Following the invasion of Iran by Muslim Arabs, Peroz III, son of Yazdegerd III, escaped along with a few Persian nobles and took refuge in the Chinese imperial court. Both Peroz and his son Narsieh (Chinese neh-shie) were given high titles at the Chinese court. On at least two occasions, the last possibly in 670, Chinese troops were sent with Peroz in order to restore him to the Sassanid throne with mixed results, one possibly ending in a short rule of Peroz in Sakastan), from which we have a few remaining numismatic evidences. Narsieh later attained the position of a commander of the Chinese imperial guards, and his descendants lived in China as respected princes. The sister of the Sassanian Prince Peroz III was married into the imperial court, which allowed Sassanian refugees fleeing from the Arab conquest to settle in China.[97] The Emperor of China at this time was Emperor Gaozong of Tang.
Relations with India
Main article: Indo-Sasanians

Coin of the Indo-Sassanidkushansha Varhran I (early 4th century)
Obv: King Varhran I with characteristic head-dress
Rev: Shiva and bull
Following the conquest of Iran and neighboring regions, Shapur I extended his authority eastwards into the northwestern Indian subcontinent (Pakistan and Afghanistan). The previously autonomous Kushans were obliged to accept his suzerainty. These were the western Kushans with control of Afghanistan while the eastern Kushans were still active in India. Although the Kushan empire declined at the end of the 3rd century, to be replaced by the Indian Gupta Empire in the 4th century, it is clear that the Sassanids remained relevant in India’s northwest throughout this period.
Persia and northwestern India, the latter that made up formerly part of the Kushans, engaged in cultural as well as political intercourse during this period, as certain Sassanid practices spread into the Kushan territories. In particular, the Kushans were influenced by the Sassanid conception of kingship, which spread through the trade of Sassanid silverware and textiles depicting emperors hunting or dispensing justice.
This cultural interchange did not, however, spread Sassanid religious practices or attitudes to the Kushans. While the Sassanids always adhered to a stated policy of religious proselytization, and sporadically engaged in persecution or forced conversion of minority religions, the Kushans preferred to adopt a policy of religious tolerance.
Lower-level cultural interchanges also took place between India and Persia during this period. For example, Persians imported chess from India and changed the game’s name from chaturanga to chatrang. In exchange, Persians introduced backgammon to India.
During Khosrau I’s reign, many books were brought from India and translated into Pahlavi, the language of the Sassanid Empire. Some of these later found their way into the literature of the Islamic world. A notable example of this was the translation of the Indian Panchatantra by one of Khosrau’s ministers, Borzuya. This translation, known as the Kelileh va Demneh, later made its way into Arabia and Europe.[98] The details of Burzoe’s legendary journey to India and his daring acquisition of the Panchatantra are written in full details in Ferdowsi’s Shahnameh, which says:
“ In Indian books, Borzuya read that on a mountain in that land there grows a plant which when sprinkled over the dead revives them. Borzuya asked Khosrau I for permission to travel to India to obtain the plant. After a fruitless search, he was led to an ascetic who revealed the secret of the plant to him: The “plant” was word, the “mountain” learning, and the “dead” the ignorant. He told Borzuya of a book, the remedy of ignorance, called the Kalila, which was kept in a treasure chamber. The king of India gave Borzuya permission to read the Kalila, provided that he did not make a copy of it. Borzuya accepted the condition but each day memorized a chapter of the book. When he returned to his room he would record what he had memorized that day, thus creating a copy of the book, which he sent to Iran. In Iran, Bozorgmehr translated the book into Pahlavi and, at Borzuya’s request, named the first chapter after him.[99]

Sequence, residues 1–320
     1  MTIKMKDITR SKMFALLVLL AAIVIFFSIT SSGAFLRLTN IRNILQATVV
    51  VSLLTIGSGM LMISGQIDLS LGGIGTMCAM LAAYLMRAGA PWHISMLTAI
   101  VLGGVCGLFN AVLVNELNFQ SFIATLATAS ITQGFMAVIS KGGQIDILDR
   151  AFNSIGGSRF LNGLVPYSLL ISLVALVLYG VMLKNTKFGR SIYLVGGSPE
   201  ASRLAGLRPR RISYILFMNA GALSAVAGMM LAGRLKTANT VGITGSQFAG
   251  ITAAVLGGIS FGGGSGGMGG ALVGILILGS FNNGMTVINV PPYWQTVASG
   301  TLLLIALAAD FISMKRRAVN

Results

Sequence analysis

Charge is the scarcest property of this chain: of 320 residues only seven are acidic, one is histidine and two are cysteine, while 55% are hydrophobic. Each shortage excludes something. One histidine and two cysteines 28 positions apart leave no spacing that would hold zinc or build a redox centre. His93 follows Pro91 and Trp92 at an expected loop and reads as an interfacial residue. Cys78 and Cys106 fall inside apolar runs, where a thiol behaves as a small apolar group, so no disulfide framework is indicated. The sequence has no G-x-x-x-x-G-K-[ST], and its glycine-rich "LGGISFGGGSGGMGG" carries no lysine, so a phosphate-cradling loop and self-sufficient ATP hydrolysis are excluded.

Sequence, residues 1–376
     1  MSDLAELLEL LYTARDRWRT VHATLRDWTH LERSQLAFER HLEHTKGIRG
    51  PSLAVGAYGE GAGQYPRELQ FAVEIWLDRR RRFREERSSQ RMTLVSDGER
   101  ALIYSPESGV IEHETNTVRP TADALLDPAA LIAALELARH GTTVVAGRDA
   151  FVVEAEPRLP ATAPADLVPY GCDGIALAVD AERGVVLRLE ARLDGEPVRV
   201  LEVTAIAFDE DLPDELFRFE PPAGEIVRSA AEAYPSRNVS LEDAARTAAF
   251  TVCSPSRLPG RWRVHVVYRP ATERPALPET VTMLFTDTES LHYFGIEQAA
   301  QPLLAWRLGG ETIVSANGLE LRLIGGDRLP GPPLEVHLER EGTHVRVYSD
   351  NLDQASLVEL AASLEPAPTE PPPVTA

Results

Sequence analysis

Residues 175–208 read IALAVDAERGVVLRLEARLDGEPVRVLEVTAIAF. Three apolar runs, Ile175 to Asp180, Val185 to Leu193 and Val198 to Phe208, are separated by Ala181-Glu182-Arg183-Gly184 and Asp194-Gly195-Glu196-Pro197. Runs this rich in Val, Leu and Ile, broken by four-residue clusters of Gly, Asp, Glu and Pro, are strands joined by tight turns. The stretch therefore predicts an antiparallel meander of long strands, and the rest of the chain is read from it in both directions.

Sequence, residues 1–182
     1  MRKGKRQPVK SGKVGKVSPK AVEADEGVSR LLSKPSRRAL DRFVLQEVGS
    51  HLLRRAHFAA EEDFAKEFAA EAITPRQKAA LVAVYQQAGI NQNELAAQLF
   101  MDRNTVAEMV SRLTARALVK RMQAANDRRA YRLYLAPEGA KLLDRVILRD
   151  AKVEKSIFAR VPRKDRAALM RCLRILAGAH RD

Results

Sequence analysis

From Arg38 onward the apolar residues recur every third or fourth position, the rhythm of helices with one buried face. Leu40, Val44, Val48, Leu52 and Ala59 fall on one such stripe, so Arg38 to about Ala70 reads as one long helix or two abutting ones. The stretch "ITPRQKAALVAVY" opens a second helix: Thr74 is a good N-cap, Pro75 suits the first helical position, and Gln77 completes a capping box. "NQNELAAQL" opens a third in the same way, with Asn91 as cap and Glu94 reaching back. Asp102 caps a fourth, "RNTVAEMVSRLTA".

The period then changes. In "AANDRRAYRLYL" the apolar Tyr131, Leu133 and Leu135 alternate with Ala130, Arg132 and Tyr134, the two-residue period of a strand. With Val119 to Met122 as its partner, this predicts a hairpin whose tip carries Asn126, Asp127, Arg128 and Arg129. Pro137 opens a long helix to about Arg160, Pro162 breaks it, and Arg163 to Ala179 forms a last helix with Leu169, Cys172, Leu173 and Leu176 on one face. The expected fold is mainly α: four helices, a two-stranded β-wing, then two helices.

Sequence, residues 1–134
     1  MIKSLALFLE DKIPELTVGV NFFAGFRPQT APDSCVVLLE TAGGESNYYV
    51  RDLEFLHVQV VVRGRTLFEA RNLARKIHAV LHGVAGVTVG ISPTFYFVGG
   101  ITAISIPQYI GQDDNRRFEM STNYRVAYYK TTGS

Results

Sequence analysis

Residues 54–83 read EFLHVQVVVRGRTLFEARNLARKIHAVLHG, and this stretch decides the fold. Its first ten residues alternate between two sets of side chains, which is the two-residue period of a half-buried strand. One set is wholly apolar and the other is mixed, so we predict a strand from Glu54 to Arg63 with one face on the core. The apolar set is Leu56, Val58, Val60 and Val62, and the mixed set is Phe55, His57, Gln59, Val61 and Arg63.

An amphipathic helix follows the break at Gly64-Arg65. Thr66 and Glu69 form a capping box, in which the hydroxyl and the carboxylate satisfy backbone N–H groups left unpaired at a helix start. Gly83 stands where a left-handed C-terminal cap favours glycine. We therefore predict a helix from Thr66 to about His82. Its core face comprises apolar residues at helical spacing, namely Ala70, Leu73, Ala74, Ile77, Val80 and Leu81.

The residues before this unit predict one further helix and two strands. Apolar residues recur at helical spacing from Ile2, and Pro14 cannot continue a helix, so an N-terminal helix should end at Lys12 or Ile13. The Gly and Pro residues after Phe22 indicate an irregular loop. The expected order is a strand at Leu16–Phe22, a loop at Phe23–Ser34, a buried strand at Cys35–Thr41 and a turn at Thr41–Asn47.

Society
Urbanism and Nomadism
In contrast to Parthian society, the Sassanids renewed emphasis on a charismatic and centralized government. In Sassanid theory, the ideal society could maintain stability and justice, and the necessary instrument for this was a strong monarch.[100] Thus, the Sasanians aimed to be an urban empire, which were quite successful at. During the late Sasanian period, Mesopotamia had the largest population density in the medieval world.[101] This can be credited to, among other things, the Sasanians founding and re-founding a number of cities, which is talked about in the surviving Middle Persian text Šahrestānīhā ī Ērānšahr (the provincial capitals of Iran).[101] Ardashir I himself built and re-built many cities, which he named after himself, such as Veh-Ardashir in Asoristan,Ardashir-Khwarrah in Pars and Vahman-Ardashir in Meshan. During the Sasanian period, many cities with the name “Iran-khwarrah” were established. This was because Sasanians wanted to revive Avesta ideology.[101]
Many of these cities, both new and old, were populated not only by native ethnic groups, such as the Iranians or Assyrians, but also by Roman prisoners of war, such as Goths, Slavs, Latins, and others.[101] Many of these prisoners were experienced workers, who were used to build things such as cities, bridges, and dams. This allowed the Sasanians to become familiar with Roman technology. The impact these foreigners made on the economy was very important, but many of them were Christians, they helped accelerate the spread of the religion throughout the empire.[101]